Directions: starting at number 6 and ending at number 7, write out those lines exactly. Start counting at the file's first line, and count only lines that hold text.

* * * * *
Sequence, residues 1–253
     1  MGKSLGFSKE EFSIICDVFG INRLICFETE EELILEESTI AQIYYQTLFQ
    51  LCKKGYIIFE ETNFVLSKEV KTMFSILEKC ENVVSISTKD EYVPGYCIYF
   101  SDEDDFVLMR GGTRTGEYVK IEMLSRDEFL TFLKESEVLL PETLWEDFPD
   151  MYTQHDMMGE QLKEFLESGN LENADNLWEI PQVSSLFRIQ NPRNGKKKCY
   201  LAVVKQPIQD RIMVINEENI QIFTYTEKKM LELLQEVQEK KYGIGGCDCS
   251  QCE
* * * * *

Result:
   201  LAVVKQPIQD RIMVINEENI QIFTYTEKKM LELLQEVQEK KYGIGGCDCS
   251  QCE